Third Orthopedic Year (PGY4)
PGY4 residents continue rotations on orthopedic subspecialty services at Madigan and their research projects. Residents also do a three month rotation in Adult Reconstruction at Puget Sound Orthopedic in Lakewood, Washington, and two month rotation in Orthopedic Oncology at Polyclinic in Seattle.
Fourth Orthopedic Year (PGY5)
PGY5 residents have an ever increasing level of responsibility. Residents continue subspecialty and elective rotations, and do a two month rotation as trauma chief resident at Harborview Medical Center in Seattle. They assume major responsibility for the evaluation of orthopedic and multi-system trauma, and surgical responsibility for the care of trauma victims. PGY5s also do a four month rotation at Madigan as the administrative chief resident. Duties include planning, scheduling, and organizing didactics, journal club, morbidity and mortality conference, guest lectures and organizing Wednesday academic schedules. PGY5s continue to increase their responsibility and independence in clinic and in the or under the staff supervision.
During a typical week, residents will spend two days in clinic. One half-day in clinic is generally devoted to pre-op visits or in the cast room. The remainder of clinic time is spent working directly with their subspecialty staff. The resident works with staff in the operating room two other days per week. Most residents perform 1400-1600 surgical cases throughout their residency. All residents are required to participate in research. Residents receive at least two to three months free of clinical duties for dedicated research over their residency.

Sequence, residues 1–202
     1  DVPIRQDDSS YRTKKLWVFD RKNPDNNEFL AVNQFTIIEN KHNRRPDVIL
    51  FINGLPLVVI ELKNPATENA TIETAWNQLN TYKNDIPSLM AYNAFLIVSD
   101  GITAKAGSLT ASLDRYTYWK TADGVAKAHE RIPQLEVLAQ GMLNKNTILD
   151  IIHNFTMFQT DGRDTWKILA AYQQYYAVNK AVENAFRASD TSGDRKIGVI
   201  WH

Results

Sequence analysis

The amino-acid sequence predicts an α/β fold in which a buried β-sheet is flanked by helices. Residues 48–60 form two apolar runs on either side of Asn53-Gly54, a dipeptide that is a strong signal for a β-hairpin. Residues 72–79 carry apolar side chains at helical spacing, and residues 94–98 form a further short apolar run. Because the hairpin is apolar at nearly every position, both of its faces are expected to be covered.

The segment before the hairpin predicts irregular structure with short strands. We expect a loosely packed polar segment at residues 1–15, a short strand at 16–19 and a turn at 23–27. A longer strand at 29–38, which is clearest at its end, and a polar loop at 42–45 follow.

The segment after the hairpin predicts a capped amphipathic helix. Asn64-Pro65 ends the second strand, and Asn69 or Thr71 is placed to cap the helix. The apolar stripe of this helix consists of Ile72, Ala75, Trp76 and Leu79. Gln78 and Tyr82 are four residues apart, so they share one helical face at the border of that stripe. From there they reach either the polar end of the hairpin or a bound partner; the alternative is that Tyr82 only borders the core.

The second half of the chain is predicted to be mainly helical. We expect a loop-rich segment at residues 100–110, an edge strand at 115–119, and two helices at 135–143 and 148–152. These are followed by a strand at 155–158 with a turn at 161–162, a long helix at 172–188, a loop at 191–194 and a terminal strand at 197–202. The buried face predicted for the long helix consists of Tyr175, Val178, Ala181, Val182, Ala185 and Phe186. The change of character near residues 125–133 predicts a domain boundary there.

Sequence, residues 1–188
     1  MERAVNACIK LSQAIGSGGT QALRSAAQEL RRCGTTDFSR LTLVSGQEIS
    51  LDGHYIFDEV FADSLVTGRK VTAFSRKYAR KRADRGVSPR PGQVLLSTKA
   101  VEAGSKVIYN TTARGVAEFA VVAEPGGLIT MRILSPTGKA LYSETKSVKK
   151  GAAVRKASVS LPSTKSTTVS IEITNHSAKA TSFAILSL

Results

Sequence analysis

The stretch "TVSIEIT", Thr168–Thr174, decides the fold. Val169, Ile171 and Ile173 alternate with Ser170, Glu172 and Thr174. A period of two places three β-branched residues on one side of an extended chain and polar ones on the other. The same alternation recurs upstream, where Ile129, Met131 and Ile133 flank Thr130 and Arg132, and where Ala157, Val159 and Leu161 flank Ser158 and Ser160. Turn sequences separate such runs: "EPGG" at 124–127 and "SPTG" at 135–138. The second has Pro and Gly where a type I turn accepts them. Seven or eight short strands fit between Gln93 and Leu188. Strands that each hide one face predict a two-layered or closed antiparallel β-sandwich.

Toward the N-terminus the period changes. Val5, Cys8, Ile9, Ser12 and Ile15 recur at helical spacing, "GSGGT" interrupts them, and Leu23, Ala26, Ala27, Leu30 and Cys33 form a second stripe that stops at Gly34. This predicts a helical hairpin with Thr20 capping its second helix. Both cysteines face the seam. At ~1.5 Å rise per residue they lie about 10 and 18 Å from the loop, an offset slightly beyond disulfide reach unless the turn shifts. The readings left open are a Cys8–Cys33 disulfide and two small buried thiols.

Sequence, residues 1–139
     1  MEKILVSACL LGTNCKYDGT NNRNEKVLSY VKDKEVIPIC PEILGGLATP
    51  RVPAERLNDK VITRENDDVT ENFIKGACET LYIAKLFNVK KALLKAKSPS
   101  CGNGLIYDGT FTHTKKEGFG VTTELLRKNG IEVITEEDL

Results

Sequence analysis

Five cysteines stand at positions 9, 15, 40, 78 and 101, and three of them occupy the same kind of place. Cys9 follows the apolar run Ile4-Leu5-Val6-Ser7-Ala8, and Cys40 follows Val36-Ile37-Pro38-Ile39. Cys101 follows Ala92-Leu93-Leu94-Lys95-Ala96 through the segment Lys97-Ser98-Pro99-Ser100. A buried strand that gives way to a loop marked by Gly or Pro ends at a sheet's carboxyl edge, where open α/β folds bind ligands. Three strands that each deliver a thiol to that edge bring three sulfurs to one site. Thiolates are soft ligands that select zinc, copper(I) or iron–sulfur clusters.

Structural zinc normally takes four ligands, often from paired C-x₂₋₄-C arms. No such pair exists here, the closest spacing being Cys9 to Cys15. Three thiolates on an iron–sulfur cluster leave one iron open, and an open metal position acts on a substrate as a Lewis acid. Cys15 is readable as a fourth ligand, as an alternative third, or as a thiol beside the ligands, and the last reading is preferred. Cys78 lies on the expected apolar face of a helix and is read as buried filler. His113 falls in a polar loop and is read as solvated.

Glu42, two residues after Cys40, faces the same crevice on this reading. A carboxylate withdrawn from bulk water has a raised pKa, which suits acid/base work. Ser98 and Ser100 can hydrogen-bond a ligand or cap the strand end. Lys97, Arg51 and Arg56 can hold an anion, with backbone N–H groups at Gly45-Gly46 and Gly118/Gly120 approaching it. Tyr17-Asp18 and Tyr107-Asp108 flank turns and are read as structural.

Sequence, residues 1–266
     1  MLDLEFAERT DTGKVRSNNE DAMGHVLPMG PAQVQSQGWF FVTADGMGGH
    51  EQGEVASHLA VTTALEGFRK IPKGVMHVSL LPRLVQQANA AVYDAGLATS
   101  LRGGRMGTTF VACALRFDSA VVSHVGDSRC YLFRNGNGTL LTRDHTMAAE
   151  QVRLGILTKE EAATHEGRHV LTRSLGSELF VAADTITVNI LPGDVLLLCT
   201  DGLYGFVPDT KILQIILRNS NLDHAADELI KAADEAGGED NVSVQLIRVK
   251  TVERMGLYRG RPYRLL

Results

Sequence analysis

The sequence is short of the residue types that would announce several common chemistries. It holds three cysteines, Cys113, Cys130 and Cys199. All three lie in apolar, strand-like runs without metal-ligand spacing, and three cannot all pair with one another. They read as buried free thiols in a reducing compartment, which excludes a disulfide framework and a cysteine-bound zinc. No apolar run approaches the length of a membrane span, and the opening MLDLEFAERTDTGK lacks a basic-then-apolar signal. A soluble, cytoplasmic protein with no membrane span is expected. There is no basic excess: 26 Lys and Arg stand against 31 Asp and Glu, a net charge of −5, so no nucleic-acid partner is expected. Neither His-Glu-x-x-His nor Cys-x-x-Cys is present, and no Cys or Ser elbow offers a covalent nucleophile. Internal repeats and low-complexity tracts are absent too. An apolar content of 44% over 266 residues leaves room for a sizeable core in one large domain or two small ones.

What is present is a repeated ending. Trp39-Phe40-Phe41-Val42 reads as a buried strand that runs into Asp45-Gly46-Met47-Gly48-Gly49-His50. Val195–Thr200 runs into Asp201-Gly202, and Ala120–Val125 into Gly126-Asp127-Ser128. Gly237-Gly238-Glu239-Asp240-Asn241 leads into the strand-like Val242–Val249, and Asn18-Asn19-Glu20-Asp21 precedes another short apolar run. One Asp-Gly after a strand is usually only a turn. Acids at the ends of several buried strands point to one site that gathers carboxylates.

Our weekly schedule is as follows: Monday through Friday the day formally begins at 7 a.m. with morning report. During morning report all call cases from the previous twenty four hours are presented. On Monday all cases from the weekend are presented. Cases are reviewed and discussed with all staff and residents present. Residents are expected to present pertinent information from the literature as well as answer questions demonstrating their understanding of the case and appropriate treatment. Wednesday mornings are devoted to academics which includes morning report, post- operative conference, Grand Rounds, lectures, review of various orthopedic knowledge updates and fracture texts.
The Orthopedic Surgery Service at Madigan is a tightly knit group with a clear sense of teamwork. Together, the residents and staff participate in a number of sporting activities and social events.
Medical students interested in applying for Madigan’s Orthopedic Residency are strongly encouraged to do a rotation on the Orthopedic Surgery Service. This allows for an evaluation of the candidate’s knowledge base, commitment, work ethic, and communication skills, and is critical part of the selection process. The optimal time frame is July to October.